How Health Systems Can Overcome Barriers to Gain Payor Access

Published 07/27/2020
by Jerry Buller

This article is part two of a series on identifying and overcoming obstacles to payor access and relationships featured in the 340B Report. Read part one of the series here.

In a recent market research study, Trellis Rx found that pharmacy leaders from health systems and health plans agree greater collaboration is needed to enhance the value of specialty medications for patients.

Yet, even as the challenges posed by specialty medications mount for their organizations, these stakeholder groups struggle to work together to develop mutually-beneficial solutions.

Why is this? Through blinded interviews with 20 pharmacy leaders from health systems and health plans and 10 industry thought-leaders, we identified three barriers that currently stand in the way of patient-centered partnerships:

  1. Health system and health plan pharmacy leaders view each other antagonistically
  2. Most health plans do not recognize the potential value health system pharmacies can deliver to their members, customers and organizations
  3. Health systems struggle to demonstrate the value of their specialty pharmacy services

Overcoming Barriers to Partnership: Strategies for Health Systems

In addition to uncovering barriers, our market research study revealed steps both stakeholder groups can take to promote greater collaboration and gain payor access. In this article, I highlight three strategies covered entities should leverage to establish specialty pharmacy partnerships with payors.

  1. Facilitate Meaningful Dialogue. The research found that many health plan pharmacy leaders have significant misunderstandings about the capabilities and goals of health system specialty pharmacies. Likewise, many health system pharmacy leaders said they don’t understand health plans’ challenges and goals.

    As one health system respondent explained: “I don’t understand their picture of the world. Many times, I’m surprised because they don’t understand what we’re doing on our side of the world. We don’t talk. Usually the patient is the ping-pong ball in all this.”

    Overcoming these misunderstandings to build patient-centered partnerships will require communication and education. Both stakeholder groups must set aside negative preconceptions in favor of listening and learning. As one industry thought leader shared: “The first thing that needs to happen is health systems need to have more meaningful conversations with the payors and look at it as more of a partnership than it is an adversarial role.”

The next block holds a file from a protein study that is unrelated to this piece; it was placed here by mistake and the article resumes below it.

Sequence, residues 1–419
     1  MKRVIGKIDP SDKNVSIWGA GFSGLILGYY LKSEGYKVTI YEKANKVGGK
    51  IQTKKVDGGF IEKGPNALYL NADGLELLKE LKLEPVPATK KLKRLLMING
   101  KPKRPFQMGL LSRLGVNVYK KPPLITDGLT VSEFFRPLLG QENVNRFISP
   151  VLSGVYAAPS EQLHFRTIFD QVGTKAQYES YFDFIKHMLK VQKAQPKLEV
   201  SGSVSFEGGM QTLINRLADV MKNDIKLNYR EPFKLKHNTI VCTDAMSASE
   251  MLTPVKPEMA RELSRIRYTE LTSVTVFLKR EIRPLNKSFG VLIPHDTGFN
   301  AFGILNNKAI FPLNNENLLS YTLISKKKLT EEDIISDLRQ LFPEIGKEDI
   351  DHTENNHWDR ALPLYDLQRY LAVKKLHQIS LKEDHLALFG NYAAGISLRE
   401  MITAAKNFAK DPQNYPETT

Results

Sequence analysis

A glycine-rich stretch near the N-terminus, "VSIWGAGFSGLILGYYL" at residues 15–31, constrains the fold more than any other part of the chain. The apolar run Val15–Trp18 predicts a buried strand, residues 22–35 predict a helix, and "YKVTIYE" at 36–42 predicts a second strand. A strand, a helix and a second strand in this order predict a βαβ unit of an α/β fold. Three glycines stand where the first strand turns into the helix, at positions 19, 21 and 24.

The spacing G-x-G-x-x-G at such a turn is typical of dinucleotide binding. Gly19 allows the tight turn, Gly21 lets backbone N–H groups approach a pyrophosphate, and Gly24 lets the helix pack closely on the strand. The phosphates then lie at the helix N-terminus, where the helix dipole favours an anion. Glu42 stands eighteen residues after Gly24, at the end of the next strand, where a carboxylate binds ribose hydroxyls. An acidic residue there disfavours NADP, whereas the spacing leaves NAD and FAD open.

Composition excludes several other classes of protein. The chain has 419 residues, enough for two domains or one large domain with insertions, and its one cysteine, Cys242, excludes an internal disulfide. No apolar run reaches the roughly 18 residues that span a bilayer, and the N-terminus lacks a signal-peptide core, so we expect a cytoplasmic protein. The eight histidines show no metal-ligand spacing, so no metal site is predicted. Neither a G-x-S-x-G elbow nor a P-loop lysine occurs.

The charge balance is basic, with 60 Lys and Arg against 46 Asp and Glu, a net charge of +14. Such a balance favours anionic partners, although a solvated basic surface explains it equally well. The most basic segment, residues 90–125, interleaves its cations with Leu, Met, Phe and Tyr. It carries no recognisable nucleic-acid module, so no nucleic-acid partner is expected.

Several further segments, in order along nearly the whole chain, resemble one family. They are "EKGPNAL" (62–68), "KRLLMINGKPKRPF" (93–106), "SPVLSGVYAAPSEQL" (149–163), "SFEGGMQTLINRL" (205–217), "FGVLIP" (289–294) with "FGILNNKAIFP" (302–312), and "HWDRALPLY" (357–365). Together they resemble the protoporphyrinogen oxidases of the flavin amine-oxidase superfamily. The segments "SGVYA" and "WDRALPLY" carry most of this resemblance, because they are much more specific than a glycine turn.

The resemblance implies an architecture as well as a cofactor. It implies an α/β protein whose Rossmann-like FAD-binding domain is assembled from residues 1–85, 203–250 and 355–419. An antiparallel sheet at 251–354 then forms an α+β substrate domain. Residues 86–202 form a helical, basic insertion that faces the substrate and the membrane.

In my experience, partnering with your health system’s managed care team is the best way to begin facilitating meaningful dialogue. However, these colleagues may not have expertise in specialty pharmacy. As such, you should be prepared to provide them with information and support.

  1. Offer differentiated value to payors. To achieve this, health systems must first build a specialty pharmacy service that offers unique benefits to payors. This requires taking a strategic, system-wide approach and investing in the personnel and technology required to establish a clinically-integrated care model.

    Ultimately, the clinically-integrated care model is what sets health system specialty pharmacy services apart from other alternatives. Having direct access to patients and providers, as well as the EHR, allows health systems not only to promote a more coordinated experience, but also to better monitor the appropriateness and effectiveness of specialty medications. This translates into better outcomes and fewer adverse events like ED visits and hospitalizations.

    As one health plan respondent shared, health systems have “the advantage of looking at the big picture and making an integrated decision on pharmaceuticals.” Another explained that health system specialty pharmacies “have a much stronger influence over individual provider behaviors than do health plans by far.”

    To prove value to health plans, health systems must also move beyond collecting operational, volume-based measures to track disease-specific clinical outcomes metrics. Although not easy, using tools like the RAPID-3 assessment to track disease severity in patients with rheumatoid arthritis enables specialty pharmacy teams to ensure therapy effectiveness, improving care quality and costs.

  1. Be prepared to negotiate. Finally, health systems must be prepared to give and take. Often, health system specialty pharmacies must initially accept parity pricing, or better, to gain access.

    Health systems in risk-based contracts have leverage in contracting discussions. Because health systems are fully responsible for cost-of-care and outcomes in these contracts, they need full control of patients across the care continuum, including their medication journey.

    Pharmacy leaders should work with their health system’s managed care teams to understand how to approach negotiations but should work to begin educating payors about the benefits of their specialty pharmacy services well in advance of contracting conversations.

    Ultimately, by leveraging these strategies, covered entities can take steps towards establishing patient-centered specialty pharmacy partnerships that will benefit their patients and organization but also create value for payors.

Download the market research report on Trellis Rx’s website for additional insights building specialty pharmacy partnerships to gain payor access. If you have questions, please contact